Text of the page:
Earlier this year, the Los Angeles Unified School District generated major buzz when they announced a $30-million initiative to put iPads in the hands of each of its 650,000 K-12 students.
Last week, they made headlines again when nearly 300 high school students managed to bypass the security restrictions that tracked online activities and prevented students from accessing certain sites on the iPads, including Facebook, Twitter, and Pandora. It took the students exactly one week to find a workaround in the iPad settings, and district officials have since stopped all home use of the iPads while they address the issue.
According to a recent article on the KQED MindShift blog, when officials asked students why they hacked the iPads, they replied, “You guys are just locking us out of too much stuff.” This has educators considering changes to the current iPad policy that blocks recreational and social media sites.
But will that solve the issue? In the same article, Renee Hobbs, who runs the Media Education Lab at the University of Rhode Island, explains she was wary of the iPad program from the beginning. She says children are so accustomed to using iPads as entertainment devices, it’s very difficult for schools touting their educational merits to compete.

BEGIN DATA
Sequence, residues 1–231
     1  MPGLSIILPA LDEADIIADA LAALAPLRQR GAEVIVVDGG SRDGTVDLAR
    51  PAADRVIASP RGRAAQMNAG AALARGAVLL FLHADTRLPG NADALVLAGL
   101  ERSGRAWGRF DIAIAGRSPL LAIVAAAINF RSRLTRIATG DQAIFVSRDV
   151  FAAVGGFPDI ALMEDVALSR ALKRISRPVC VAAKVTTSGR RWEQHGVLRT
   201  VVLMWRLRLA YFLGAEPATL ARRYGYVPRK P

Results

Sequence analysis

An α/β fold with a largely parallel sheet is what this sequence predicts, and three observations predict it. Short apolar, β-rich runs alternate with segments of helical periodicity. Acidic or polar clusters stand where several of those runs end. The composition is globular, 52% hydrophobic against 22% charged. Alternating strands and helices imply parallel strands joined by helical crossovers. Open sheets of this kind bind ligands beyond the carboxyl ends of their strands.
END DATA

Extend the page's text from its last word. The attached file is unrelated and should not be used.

Journalist Shane Snow shares an entirely different view in his LinkedIn article about the iPad incident. He says that rather than halting the iPad program, officials should start a coding curriculum. He says, “The kids who hacked their iPads just completed an exercise in problem solving…Giving them tools for intense computation and problem solving—like an iPad—and then setting them loose on real-world challenges will be a much more interesting (and effective) learning tool than what they’re probably planning on doing with these devices.”
What do you think, is what happened in L.A. further proof that entertainment and education just don’t mix, or is it an opportunity to break new ground in education, perhaps beyond the scope that educators initially envisioned?